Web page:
New life for an old laptop as a Linux home server

Last edited on 2023-08-10 Tagged under  #homeServer   #debian   #linux   #chromebook 

You might have something in mind that would benefit from having an "always-on, always-available" computer.

For myself, it started with a desire for network-attached storage for automatic daily backups of my home directory.

Out of curiosity I decided to forego using commercial cloud-computing services and put together something myself. Install a stable Linux distribution such as Debian and gain access to tens of thousands of software packages with the ability to host all kinds of services.

Why use an old laptop as a home server?

Something like a Raspberry Pi is certainly one option, but one big advantage of the laptop option is I already have one not being used! You might also have a spare laptop, or know where to get one for little to no cost.

Old laptops can still deliver plenty of power for running a few services on a personal home server, and can include all sorts of things already built-in that would be extras on the Pi: things like a case, display, keyboard, multiple ports, and storage. Laptops are designed to be frugal with power and - if the battery still holds a charge - come equipped with their own built-in UPS!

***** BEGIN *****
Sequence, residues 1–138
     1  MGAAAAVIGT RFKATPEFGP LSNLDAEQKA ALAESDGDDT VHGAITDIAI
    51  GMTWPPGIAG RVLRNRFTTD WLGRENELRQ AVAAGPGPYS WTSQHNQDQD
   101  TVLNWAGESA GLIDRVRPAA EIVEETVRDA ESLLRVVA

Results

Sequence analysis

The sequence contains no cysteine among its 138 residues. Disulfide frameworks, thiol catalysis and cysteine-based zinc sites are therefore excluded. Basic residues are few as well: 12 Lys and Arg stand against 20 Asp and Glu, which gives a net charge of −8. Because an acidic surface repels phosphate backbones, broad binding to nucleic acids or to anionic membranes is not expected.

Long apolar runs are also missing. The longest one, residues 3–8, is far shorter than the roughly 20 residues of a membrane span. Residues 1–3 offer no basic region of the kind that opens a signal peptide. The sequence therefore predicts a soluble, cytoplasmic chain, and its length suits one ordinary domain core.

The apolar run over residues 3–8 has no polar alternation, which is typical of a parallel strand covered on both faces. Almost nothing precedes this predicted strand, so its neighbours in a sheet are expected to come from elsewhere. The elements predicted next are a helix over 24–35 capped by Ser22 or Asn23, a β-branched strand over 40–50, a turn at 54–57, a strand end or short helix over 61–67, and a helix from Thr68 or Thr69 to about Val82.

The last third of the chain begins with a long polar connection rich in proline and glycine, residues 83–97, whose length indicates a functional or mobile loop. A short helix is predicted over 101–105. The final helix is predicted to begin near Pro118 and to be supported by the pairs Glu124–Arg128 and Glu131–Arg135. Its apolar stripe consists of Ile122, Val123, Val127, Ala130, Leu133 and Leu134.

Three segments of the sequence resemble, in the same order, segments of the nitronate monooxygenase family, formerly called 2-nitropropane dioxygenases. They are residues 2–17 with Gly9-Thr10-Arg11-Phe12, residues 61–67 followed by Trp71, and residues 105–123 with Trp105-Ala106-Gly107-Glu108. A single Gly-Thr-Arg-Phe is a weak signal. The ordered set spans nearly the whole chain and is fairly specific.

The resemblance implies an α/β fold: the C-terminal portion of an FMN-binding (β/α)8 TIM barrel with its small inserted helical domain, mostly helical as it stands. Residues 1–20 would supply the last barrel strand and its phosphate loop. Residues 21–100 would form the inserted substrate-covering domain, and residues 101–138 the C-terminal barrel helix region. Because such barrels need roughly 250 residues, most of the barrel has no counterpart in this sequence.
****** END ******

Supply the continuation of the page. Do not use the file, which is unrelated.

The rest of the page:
So this is the plan: Pick a laptop. For my own project, I am restoring an old chromebook to active duty with the latest release of Debian for use as a home server.

This is how I do it ...

1. Install

An installation and basic setup of a minimal, console-only base configuration of Debian 12 aka "Bookworm". Read more

2. Configure

2.1 Reserved IP address

Our new home server should use a reserved IP address so its hosted network services can easily be found.

Display all detected network interfaces on the server along with their IP and MAC addresses ...

$ ip addr